Summer Reading: The Shrine of the Siren Stone

We’ve reviewed recent and classic novels, noted graphic stories and Hugo-nominated prose fiction. For our final Summer Review, we look at Derwin Mak’s 2011 novel, which holds particular appeal for fans of anime and manga.

Title: The Shrine of the Siren Stone
Author: Derwin Mak
ISBN: 9780986653117, 098665311X

Available from, and


During a future global crisis, an underachieving otaku joins the Japanese Navy in order to find purpose in his life—and to become worthy of his love, a sophisticated android.

Meanwhile, strange and possibly spiritual developments draw the characters towards a mysterious shrine.

High Points:

1. After a romance, a war, a rebellion, and a bit of a twist, the book refocuses with a new eye on its subjects of android emotions, ethics, and spirituality. Can a machine love someone? Can it show courage? And, if religious beliefs are in fact correct, how do they apply to a creature like Yuko? Can an artificial being have, for lack of a better word, a soul? If a higher power exists, does it consider thinking machines? Did Jesus die for your computer? Can an artificial intelligence achieve nirvana? Do Shintoist purification rites apply to manufactured beings?

The novel’s core questions develop naturally from Yuko’s story, rather than being imposed upon it.

2. The explanation of why a sophisticated and unique android works in an obscure maid café makes perfect sense.

Low Point:

In a good deal of popular SF and anime, the future looks an awful lot like the present. This novel takes place more than two hundred years in the future. Save for the addition of better weapons, androids, and remilitarization, however, Japan seems strangely unchanged. Otaku watch anime and go to Maid Cafes in Akihabara. People eat American fried chicken for Christmas. I suppose that recent tradition might survive the next two centuries– but would it still be news that Americans eat turkey instead? TV functions pretty much as it does today, with Web-related media little altered or developed. Granted, I think this is quite deliberate, but I suspect some readers will find it distracting. Elements of this future feel mismatched. Ultimately, as in all SF, one has to take the book’s world on its own terms.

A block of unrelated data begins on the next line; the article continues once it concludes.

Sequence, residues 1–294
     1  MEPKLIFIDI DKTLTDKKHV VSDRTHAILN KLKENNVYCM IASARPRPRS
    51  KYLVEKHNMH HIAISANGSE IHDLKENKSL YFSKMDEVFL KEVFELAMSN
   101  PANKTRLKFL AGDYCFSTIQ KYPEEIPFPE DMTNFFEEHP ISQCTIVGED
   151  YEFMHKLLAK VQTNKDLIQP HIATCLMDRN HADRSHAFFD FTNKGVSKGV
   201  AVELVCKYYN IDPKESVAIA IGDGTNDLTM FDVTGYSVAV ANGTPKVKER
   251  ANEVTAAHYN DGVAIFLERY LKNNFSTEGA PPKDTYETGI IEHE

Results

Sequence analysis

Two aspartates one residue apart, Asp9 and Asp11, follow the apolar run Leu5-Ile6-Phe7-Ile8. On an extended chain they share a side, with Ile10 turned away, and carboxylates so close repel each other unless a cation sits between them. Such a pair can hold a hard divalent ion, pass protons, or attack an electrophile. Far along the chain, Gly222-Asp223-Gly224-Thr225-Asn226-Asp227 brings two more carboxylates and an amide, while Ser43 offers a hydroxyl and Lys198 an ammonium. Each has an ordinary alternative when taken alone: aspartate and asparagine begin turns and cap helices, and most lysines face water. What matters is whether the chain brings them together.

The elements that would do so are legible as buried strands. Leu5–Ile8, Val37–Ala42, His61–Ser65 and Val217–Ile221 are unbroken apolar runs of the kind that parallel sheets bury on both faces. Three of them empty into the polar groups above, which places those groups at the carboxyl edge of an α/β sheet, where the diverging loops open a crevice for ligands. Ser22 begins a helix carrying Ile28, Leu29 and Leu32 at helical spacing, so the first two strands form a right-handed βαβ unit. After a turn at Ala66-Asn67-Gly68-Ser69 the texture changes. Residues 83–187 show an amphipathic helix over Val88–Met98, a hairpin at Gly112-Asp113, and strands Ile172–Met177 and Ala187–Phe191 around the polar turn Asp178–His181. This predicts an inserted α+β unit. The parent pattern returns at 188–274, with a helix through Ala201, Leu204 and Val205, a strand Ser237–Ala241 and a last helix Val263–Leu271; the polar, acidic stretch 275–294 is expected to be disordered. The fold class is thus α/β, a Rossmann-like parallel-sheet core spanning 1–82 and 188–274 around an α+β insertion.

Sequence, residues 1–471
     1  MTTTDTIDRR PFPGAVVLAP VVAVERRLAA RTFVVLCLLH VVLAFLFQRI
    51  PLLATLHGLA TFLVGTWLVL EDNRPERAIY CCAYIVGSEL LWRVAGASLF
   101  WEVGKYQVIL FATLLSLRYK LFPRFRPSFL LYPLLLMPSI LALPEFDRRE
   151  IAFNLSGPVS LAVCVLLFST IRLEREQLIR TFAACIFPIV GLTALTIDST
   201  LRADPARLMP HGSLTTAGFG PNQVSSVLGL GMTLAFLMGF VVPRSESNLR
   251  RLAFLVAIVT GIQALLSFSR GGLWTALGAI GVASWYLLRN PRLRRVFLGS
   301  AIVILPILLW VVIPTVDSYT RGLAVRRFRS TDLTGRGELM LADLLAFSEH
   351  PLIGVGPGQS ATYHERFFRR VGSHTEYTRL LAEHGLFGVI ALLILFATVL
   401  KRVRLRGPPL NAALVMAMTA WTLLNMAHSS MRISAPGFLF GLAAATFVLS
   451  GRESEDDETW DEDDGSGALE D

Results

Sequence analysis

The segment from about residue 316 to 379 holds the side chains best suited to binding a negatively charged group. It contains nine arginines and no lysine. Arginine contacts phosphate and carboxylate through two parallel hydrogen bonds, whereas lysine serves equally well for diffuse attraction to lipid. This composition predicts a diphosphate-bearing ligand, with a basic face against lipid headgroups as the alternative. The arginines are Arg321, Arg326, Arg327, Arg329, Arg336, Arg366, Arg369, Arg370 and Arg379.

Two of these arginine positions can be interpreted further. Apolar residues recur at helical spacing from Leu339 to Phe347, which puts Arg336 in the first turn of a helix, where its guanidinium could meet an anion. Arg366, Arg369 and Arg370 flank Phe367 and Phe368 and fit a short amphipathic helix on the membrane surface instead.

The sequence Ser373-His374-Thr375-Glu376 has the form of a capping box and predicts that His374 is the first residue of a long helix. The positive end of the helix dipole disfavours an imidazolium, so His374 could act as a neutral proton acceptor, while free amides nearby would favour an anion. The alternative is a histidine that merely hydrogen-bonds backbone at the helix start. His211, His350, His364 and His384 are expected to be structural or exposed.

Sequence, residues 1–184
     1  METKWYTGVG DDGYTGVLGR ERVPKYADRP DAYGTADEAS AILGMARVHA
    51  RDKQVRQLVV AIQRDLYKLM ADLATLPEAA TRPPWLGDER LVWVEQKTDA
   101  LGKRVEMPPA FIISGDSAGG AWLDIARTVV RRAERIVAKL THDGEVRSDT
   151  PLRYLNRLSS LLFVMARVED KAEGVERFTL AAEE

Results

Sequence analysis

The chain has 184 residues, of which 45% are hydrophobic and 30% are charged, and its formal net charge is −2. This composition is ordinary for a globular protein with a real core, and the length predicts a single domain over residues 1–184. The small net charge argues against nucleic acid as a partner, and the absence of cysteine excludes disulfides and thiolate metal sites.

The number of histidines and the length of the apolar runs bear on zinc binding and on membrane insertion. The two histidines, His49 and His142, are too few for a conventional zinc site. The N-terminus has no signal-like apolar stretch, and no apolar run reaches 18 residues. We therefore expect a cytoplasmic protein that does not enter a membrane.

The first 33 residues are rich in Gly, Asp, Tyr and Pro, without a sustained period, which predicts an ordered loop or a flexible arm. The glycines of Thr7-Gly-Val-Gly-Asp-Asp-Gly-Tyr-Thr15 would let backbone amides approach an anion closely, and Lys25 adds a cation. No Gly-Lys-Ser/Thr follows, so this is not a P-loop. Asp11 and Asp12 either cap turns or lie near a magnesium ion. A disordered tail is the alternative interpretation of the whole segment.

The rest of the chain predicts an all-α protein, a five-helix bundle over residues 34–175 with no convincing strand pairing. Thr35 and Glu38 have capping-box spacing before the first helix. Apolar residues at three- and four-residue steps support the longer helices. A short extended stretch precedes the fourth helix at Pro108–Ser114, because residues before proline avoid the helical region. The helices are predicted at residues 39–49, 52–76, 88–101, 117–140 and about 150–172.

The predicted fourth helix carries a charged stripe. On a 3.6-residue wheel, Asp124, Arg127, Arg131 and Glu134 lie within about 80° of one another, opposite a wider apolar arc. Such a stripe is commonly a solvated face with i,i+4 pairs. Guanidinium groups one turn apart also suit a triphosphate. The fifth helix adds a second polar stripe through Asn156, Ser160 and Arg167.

The Scores:

Originality: 4/6 Manga-esqe future tech, artificial intelligence, star-crossed lovers, and theories about ghosts/souls: individually, the elements may be familiar, but this blend has its own freshness. Mak also gets points for treating religious traditions seriously, and exploring the notion that something real underlies them. I may not agree with him, but his particular approach is unusual in contemporary SF, and differs significantly from, say, Philip K. Dick’s thoughts on artificial life.

Imagery: 5/6

Story: 4/6 The novel has an interesting storyline, though some readers may find it starts a bit slowly. We have otaku culture, military engagements, space tech, and android rights. The Shrine covers a lot of territory in a little over 300 pages.

Characterization: 4/6 Yuko represents the novel’s strongest achievement, especially as she develops. Ishiro, in his earliest incarnations, seems almost impossibly clueless, but I suspect he’s closer to reality than I’d like to think, and his depiction is satirically amusing. The other characters lean a little towards the stereotypical and, at times, their dialogue feels stilted.

Emotional Response: 4/6

Editing: 4/6

Overall score: 4/6 This is an interesting novel that, I think, will appeal especially to fans of anime and manga. I found it less engaging than Mak’s short fiction.

In total, The Shrine of the Siren Stone receives 29/42